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Textbook melodrama

January 05, 2007|GEOFF BOUCHER

Today's lesson: A selective Hollywood history of dedicated teachers who impart life lessons to hard-luck youngsters at inner-city schools. Please put your pencils down and dry your eyes.

Blackboard Jungle (1955) Glenn Ford is the idealist teacher who mixes it up with smirking tough kids in this genre-shaping classic that helped launch rock 'n' roll with its dangerous soundtrack (yes, somehow Bill Haley was once an edgy threat to America's youth), but a smoldering Sidney Poitier steals the movie as the leader of the toughs. Vic Morrow, then 26, made his screen debut trying to look a decade younger. Also in the class: Paul Mazursky, Anne Francis and Jameel Farah, who later changed his name to Jamie Farr and was shipped off to sitcom Korea to wear a dress.

To Sir With Love (1967) Poitier is the teacher this time as Mark Thackery, a buttoned-down engineer faced with a temporary gig schooling young punks in London's East End. The film was written and directed by James Clavell, based on the novel by E.R. Braithwaite. Poitier's character does his best to keep his cool but loses it when the rascals toss a feminine hygiene product in the classroom woodstove (it must be a British thing). By prom night, though, they've seen the light and sing their disciplinarian's praises, literally. Pop singer Lulu, one of the students, had a No. 1 hit with the theme song.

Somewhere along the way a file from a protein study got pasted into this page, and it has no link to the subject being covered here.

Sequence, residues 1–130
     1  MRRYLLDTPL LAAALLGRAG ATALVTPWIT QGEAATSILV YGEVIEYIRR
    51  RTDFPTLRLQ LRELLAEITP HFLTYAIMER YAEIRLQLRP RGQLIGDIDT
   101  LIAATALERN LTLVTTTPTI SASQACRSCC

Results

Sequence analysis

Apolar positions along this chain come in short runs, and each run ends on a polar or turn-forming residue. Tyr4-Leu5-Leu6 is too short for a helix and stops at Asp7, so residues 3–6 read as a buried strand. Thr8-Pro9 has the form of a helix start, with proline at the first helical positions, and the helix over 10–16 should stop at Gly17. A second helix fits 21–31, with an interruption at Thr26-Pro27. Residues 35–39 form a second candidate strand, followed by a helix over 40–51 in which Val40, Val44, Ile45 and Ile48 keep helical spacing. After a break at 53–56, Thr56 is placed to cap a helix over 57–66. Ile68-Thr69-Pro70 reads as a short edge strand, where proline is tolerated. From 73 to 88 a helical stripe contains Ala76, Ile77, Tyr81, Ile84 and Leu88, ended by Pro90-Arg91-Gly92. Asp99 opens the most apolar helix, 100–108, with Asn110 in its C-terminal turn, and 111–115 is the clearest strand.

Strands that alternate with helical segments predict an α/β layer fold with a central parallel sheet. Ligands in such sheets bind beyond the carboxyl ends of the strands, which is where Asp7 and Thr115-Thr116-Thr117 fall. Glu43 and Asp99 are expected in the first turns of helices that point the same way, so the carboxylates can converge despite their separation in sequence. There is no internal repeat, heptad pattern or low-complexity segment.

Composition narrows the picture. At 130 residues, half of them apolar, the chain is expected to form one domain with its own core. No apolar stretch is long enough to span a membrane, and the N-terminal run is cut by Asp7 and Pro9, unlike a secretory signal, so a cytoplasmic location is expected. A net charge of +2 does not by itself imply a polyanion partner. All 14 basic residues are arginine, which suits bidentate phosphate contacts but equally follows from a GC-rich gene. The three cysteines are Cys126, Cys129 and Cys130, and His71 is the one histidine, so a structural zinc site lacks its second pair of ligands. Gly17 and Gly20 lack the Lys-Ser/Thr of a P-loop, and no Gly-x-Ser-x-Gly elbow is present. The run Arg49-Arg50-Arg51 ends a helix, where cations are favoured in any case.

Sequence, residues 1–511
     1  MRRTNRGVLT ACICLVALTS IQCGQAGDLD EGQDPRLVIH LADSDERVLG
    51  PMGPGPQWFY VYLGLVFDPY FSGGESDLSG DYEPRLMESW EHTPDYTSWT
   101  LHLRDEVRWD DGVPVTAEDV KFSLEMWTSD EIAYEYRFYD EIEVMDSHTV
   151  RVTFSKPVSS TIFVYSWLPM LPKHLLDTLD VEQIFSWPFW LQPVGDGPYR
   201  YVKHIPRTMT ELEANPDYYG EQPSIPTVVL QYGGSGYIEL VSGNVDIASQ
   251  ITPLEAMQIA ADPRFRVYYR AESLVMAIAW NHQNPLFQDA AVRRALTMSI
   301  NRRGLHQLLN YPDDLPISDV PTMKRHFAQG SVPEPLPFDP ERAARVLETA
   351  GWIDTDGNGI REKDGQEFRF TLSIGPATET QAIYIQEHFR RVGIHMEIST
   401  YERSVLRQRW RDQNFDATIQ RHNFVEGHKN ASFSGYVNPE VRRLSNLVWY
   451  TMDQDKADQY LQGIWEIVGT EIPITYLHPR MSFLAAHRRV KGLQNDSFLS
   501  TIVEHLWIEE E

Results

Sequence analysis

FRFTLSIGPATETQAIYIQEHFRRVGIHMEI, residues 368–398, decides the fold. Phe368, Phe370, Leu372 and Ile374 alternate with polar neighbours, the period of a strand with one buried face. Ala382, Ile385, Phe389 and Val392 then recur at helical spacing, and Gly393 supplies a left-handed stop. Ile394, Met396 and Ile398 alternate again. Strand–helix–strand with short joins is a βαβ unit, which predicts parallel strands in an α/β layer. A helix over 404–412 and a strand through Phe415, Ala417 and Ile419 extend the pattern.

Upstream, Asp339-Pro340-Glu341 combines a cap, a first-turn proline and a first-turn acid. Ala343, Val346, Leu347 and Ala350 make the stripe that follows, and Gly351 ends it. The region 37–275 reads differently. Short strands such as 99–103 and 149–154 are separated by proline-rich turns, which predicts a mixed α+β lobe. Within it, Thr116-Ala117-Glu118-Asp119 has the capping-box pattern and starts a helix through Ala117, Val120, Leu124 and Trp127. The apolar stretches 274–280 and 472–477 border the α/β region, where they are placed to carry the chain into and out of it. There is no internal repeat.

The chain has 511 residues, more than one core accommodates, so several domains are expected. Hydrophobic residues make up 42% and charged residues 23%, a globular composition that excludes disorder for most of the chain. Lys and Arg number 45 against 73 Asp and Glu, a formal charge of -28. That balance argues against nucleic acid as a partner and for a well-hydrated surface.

Stand & Deliver (1988) Edward James Olmos, stooped and muttering, is the quirky (and real-life) East L.A. teacher Jaime Escalante, who takes a group of unruly pupils (glowering Lou Diamond Phillips most memorable) and turns them into passionate math scholars. They shock the world by passing a college-credit calculus exam, grapple with accusations of cheating and help their teacher secure an Oscar nomination.

Dangerous Minds (1995) Michelle Pfeiffer and her cheekbones were the unlikely choice to play another real-life California teacher, LouAnne Johnson, a former U.S. Marine who marched into a gritty Palo Alto classroom to become a drill sergeant with a heart. She wins over her surly pupils with karate moves, candy bars, a potty mouth and the lyrics of Bob Dylan. The soundtrack had the hit "Gangsta's Paradise" by Coolio, who also popped up as the (ahem) sex-ed teacher in the short-lived TV series starring Annie Potts.

Los Angeles Times

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